The Reds have finished April with a 12-17 record and 7 games out of first place. We will take a look at the successes and downfalls of the first month.
Fielder of the Month
We all knew the guy was going to bring a glove. No one was expecting that glove to be gold. The man is a human highlight real with his mitt. Nearly every night he makes an amazing stop worthy of a second look. What has been even more surprising is his bat. Forgotten history about Iglesias was that Suarez was traded to us by the Tigers because they felt Igelsias was the better player. He came in second for Rookie of the Year in 2013 and was an All Star in 2015. The Reds got him on a minor league, show me your worth, steal of a contract. He currently leads in leading WAR among fielders with 0.6, leading AVG with .305, and is second in OBP with .345. While the Reds are desperate for a shot in the arm, offensively, Iglesias has made the wait easier with his performance.
Honorable Mention: Curt Casali
Starting Rotation Pitcher of the Month
He sports a 1.45 ERA, which is third among all MLB starters right now, seven quality starts, and 6th in strikeouts. Castillo is starting to show signs of a player we had all hoped he could be. He is THE Reds ace right now. The changeup he seems to have perfected has been devastating to batters. Since Opening Day, this guy continues to pitch gem after gem. Castillo has incredible confidence and ownership of the mound. This is great sign not only for the 2019 Reds but for years to come with such a young arm.
Honorable Mention: Sonny Gray
Bullpen Pitcher of The Month
I would not have fathomed that I would be saying this a month ago. I felt like the Reds did this kind of as a favor to Stephenson, being one of the Reds first round draft picks. Many other commentators and fans, including myself, thought there was no way he was even going to make the roster. Stephenson, instead, seems like a man reborn. Developing a nasty slider has made him almost untouchable. He seems past his issues of control and command. Stephenson once said walks were apart of my game. Well, that is no longer the case as he’s tied for least amount of walks in the bullpen. The Reds have also been leveraging him in situations that need clutch performances. He has seemingly come through everytime. He has posted a 2.45 ERA, lowest WHIP of all bullpen pitchers, and second in strikeouts among bullpen pitchers. I couldn’t be happier for the guy.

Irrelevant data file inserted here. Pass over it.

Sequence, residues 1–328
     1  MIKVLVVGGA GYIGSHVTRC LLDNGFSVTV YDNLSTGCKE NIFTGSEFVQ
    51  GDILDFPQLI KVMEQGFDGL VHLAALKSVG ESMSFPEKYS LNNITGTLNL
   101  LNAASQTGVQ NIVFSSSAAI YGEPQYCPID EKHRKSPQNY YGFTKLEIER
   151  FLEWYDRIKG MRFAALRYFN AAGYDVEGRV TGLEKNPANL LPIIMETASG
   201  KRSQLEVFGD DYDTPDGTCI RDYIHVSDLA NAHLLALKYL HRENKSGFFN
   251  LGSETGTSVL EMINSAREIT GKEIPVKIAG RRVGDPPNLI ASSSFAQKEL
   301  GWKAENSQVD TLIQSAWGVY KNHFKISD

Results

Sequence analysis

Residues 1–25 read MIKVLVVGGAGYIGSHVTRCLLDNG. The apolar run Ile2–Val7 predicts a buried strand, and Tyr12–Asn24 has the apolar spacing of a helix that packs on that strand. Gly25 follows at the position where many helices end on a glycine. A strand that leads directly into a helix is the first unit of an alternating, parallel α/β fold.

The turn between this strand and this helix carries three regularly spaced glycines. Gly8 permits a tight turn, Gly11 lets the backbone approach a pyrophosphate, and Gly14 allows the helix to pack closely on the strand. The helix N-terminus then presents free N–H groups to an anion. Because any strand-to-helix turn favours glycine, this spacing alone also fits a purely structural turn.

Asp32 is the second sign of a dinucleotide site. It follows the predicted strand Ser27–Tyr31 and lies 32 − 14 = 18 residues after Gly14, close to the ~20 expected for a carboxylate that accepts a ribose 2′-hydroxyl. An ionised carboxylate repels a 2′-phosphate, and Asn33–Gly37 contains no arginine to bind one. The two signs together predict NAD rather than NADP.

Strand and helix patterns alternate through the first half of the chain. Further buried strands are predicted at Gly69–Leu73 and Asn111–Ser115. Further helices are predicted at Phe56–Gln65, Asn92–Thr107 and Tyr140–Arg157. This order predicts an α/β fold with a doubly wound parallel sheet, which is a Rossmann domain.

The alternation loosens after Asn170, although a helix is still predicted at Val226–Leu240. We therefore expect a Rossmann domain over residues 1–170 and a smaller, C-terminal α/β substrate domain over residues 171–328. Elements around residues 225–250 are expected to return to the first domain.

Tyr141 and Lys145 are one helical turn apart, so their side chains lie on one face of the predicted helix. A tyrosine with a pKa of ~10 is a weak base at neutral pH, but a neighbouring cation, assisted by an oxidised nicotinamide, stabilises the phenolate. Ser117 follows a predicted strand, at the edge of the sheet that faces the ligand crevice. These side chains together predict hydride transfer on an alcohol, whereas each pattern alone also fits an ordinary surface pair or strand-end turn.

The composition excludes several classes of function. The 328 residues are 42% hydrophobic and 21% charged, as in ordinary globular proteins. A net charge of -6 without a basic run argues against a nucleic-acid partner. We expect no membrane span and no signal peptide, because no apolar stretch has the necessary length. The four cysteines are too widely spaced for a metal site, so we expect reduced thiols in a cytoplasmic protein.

Honorable Mention: Everyone but Zach Duke
David Bell’s Grade for April: C
The negative: His affinity for players that seemed to be going no where fast like Schebler and Duke have really turned off a lot of people. He seems like he’s almost trying to will these players to be better by consistently playing them when their stats show otherwise. The old school way of righty vs. righty and lefty vs. lefty. This makes sense if the numbers work in your favor. Seems to go against the analytics focus the team has been pushing. Both from a lineup standpoint and bringing in someone from the bullpen stand point. His constant hooking of pitchers is frustrating. It seems like some nights it’s his mission to go through every pitcher in the bullpen even if total the whole bullpen might pitch in 3 innings. Using Lorenzen as essentially a fifth bench player has been a headache to watch. It’s not that I don’t mind I just think it’s frustrating that we feel the need to have him pinch hit, pinch run and be put in center field in tough situation such as the end of most games.